Friday, January 22, 2010

From Lucy to Ugali

When I thought about being in Appalachia for 2 weeks, all kinds of images flowed through my mind. I had a particular economic group, social class, and geographic location in mind. My time has been spent primarily in Garrett County, MD. The more people I met, the more similar they seemed to myself.

One of my professors always challenges us to go deeper than the obvious, to "look under the rug." Part of this took place last night and today as those of us who spent January term here met togethe rin Morgantown, WV, at WVU with campus pastor Matt Riegel, Dr. Gil Waldkoenig (professor at Gettysburg Seminary), and Bishop Ralph Dunkin (bishop of the WV/Western MD Synod of the ELCA). One of the things I discovered was that parts of the Southern Tier of my own New York State, are technically part of Appalachia, including Jamestown, the birthplace of Lucille Ball. Hmm...that certainly caught my attention.

There are those places however, which do typify what I had originally imagined. For example, earlier this week, we visited a general store in WV which most of us would think of as authentically Appalachian. On the other end, are the beautiful homes of those living in the area surrounding Deep Creek Lake. The spectrum is very broad indeed.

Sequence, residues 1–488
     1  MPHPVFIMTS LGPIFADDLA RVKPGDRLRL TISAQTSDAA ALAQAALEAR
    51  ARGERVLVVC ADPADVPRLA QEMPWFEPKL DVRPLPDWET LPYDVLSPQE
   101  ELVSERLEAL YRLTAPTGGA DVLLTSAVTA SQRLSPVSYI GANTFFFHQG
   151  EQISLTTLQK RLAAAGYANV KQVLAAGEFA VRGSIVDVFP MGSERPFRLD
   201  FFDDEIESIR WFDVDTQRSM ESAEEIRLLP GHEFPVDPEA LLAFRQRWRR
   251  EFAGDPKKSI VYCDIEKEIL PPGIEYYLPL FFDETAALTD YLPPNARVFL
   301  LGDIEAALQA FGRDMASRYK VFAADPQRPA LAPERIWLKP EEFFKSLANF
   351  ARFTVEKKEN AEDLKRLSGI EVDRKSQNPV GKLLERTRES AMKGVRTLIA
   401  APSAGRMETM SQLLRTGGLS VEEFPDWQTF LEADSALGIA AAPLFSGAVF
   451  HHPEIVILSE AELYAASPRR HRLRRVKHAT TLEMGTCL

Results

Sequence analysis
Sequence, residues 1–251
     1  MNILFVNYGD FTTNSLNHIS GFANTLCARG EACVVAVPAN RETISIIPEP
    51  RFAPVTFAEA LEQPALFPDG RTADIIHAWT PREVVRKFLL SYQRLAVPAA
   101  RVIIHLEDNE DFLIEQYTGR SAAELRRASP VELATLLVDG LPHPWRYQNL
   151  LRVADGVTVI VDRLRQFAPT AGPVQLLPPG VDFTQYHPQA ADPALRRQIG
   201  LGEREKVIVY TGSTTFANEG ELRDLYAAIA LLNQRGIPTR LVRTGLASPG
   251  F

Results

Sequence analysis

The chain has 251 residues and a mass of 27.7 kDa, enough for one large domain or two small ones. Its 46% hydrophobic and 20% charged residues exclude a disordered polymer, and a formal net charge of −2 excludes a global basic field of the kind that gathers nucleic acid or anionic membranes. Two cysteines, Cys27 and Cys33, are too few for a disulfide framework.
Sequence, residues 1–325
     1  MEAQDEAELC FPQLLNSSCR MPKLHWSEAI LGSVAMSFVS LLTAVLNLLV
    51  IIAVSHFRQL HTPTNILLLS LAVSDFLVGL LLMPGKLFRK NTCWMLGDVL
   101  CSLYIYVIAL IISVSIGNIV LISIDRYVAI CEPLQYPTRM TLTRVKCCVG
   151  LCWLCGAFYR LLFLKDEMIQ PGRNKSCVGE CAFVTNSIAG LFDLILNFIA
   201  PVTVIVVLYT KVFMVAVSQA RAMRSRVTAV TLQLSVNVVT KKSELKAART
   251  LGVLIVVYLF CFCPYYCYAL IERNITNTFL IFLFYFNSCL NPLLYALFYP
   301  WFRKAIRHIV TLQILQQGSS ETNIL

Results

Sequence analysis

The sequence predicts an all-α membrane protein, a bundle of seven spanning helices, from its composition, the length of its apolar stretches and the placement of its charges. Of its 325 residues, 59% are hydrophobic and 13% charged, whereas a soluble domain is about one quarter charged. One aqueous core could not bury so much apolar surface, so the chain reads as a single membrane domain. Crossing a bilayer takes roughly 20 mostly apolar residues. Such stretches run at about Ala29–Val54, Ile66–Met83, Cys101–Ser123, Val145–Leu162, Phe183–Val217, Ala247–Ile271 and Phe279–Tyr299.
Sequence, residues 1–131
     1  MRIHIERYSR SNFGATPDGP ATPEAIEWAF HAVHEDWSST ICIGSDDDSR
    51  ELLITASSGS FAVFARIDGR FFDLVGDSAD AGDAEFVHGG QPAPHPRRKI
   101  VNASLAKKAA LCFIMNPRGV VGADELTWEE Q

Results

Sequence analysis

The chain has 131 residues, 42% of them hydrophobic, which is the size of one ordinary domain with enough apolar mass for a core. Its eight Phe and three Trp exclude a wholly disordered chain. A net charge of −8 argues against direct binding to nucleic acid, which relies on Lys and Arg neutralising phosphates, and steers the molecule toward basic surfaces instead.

In the midst of Appalachia, we ate dinner last night at Kenyan's, a wonderful restaurant in Morgantown that serves organic, Kenyan cuisine such as Ugali, which was a delightful taste experience of which I had only heard about from former missionaries to Kenya. I did not expect that to be on the menu in this university town in Appalachia!

One of the questions, perhaps the main question we must consider is what it means to be Appalachian. The answers vary according to the location, particularly between north and south. Bishop Dunkin shared characteristics with us such as, "Never lie to an Appalachian," stressing the importance of transparency in relationships. I think these should apply to all of our associations.

Sunday this particular block of learning, meeting people, and discerning comes to a close. I will be preaching at St. John's in Accident, St. Paul's in Accident, and Grace Church in Friendsville, MD. I will be saying good-bye to some wonderful people that have helped me to more clearly hear God's voice and call. I am grateful for the marvelous hospitality I experienced. My prayers will continue to be with the people of Garrett County and those who minister to them in a variety of expressions. Thanks be to God for those who are willing to share their lives, stories, and hospitality with us.

Pictures courtesy of flickr and Wikipaedia.

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